Israel and the European Union reached an agreement on Wednesday to mutually recognize vaccine certificates, the Foreign Ministry announced, in a move that will allow travelers access to Green Pass programs.
The ministry said work on the agreement would be completed in early October and would give vaccinated Israeli tourists and business people access to the EU Green Pass, allowing entrance to “restaurants, cultural centers, public institutions and more.”
It would also allow Israel to gear up to begin accepting tourists from Europe, the statement said. Furthermore, it will allow Israelis access to other countries’ programs, should they join the initiative in the future.
However, the ministry cautioned that the program does not supersede entry requirements of individual EU nations, like Portugal and Sweden, which currently bar Israeli tourists. It also allows Israel to continue to bar entry to travelers from specific EU countries if it chooses.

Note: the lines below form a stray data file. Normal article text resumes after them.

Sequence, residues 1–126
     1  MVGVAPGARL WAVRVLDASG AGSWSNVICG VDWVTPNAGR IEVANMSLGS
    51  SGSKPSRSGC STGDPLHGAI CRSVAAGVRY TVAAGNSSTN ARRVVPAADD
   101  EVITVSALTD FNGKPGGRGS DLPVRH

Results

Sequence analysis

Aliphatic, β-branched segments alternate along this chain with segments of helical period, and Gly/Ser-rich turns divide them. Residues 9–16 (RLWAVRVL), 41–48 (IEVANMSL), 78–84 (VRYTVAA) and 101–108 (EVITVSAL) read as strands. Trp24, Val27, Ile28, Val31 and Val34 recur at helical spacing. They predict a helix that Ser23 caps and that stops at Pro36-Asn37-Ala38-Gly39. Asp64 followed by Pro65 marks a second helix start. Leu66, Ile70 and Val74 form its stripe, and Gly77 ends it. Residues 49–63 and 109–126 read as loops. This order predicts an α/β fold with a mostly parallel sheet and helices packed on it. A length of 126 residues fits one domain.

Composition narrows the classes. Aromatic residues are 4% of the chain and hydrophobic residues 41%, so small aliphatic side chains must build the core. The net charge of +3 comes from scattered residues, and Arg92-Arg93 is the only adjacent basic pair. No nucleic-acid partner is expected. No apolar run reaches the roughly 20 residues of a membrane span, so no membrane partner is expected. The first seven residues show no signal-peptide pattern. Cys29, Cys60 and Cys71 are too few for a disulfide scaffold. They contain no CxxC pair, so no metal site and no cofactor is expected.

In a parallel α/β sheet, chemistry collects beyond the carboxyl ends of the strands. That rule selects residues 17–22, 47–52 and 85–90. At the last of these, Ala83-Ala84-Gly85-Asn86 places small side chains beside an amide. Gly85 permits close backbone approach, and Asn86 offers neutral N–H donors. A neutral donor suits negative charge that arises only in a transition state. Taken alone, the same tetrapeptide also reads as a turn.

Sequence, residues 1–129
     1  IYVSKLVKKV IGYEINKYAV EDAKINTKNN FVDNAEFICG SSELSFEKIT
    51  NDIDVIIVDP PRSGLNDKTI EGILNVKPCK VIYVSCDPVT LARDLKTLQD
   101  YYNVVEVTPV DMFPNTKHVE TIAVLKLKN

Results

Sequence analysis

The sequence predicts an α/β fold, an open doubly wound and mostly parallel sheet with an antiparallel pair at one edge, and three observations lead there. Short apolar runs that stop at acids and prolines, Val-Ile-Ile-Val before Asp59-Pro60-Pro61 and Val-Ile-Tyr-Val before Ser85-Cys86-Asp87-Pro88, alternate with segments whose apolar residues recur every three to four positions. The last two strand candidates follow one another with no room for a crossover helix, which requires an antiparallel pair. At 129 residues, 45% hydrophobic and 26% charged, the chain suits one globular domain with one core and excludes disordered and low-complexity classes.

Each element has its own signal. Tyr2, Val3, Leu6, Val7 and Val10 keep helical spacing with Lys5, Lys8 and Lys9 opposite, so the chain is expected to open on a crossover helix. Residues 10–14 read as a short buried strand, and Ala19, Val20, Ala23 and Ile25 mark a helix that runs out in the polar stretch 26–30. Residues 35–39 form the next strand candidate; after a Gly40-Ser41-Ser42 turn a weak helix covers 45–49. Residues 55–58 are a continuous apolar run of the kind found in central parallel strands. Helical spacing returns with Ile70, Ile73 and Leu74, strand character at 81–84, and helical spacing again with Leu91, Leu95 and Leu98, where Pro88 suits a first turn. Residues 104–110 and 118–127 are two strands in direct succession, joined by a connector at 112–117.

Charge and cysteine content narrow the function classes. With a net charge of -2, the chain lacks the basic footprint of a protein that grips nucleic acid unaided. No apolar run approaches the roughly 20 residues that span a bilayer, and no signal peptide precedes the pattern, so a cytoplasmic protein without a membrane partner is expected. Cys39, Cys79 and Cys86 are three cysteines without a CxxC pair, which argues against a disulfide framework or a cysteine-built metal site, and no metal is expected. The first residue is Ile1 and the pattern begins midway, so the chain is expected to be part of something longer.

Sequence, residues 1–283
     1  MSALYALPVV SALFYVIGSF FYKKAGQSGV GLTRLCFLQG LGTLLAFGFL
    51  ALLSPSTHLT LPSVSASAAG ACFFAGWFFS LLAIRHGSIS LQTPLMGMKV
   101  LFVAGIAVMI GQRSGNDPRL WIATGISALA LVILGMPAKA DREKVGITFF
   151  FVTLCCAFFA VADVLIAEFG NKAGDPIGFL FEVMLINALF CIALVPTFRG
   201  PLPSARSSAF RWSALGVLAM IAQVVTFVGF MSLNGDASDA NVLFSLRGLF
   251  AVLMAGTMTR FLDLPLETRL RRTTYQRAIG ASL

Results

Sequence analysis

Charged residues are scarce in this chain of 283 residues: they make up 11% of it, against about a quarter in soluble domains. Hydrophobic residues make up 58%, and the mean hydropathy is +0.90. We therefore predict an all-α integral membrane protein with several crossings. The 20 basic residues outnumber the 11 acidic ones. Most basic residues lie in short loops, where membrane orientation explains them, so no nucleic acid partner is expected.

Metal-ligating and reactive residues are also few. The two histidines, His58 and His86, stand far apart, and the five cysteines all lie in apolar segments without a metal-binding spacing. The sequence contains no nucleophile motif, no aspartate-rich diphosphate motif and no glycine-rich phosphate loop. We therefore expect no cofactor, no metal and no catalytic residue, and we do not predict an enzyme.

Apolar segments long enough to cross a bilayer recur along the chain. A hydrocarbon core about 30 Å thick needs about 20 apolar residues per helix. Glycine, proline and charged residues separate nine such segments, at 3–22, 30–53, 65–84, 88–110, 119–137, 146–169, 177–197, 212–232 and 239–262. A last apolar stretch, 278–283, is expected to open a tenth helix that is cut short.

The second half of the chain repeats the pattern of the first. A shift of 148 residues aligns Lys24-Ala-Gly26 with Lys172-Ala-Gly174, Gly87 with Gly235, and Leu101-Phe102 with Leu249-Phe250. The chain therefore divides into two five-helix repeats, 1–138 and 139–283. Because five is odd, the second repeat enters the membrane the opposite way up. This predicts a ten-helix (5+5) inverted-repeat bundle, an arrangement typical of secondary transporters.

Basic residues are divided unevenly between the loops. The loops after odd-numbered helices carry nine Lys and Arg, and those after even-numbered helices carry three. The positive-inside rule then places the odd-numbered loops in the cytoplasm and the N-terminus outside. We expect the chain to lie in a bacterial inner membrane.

Israeli travel to Europe has plummeted in recent weeks after the EU removed Israel from a list of nations deemed “epidemiologically safe,” and Portugal and Sweden responded by slapping entry bans on Israelis for all but humanitarian and essential reasons.
Two other countries, France and Switzerland, have decided to bar non-vaccinated Israelis. Travelers from Israel and the US who are not inoculated against the coronavirus are now only permitted entry to France if they can prove an essential reason for making the trip and can present a negative test before traveling, and they will need to quarantine for seven days upon arrival.
Switzerland said that as of Monday, Israel will be added to its list of “coronavirus risk countries” and unvaccinated Israelis can only enter the country in a case of “utmost necessity.” Vaccinated Israelis will still be granted entry.
Holland is demanding that all Israelis arriving quarantine, which makes it an impractical destination for most leisure travelers.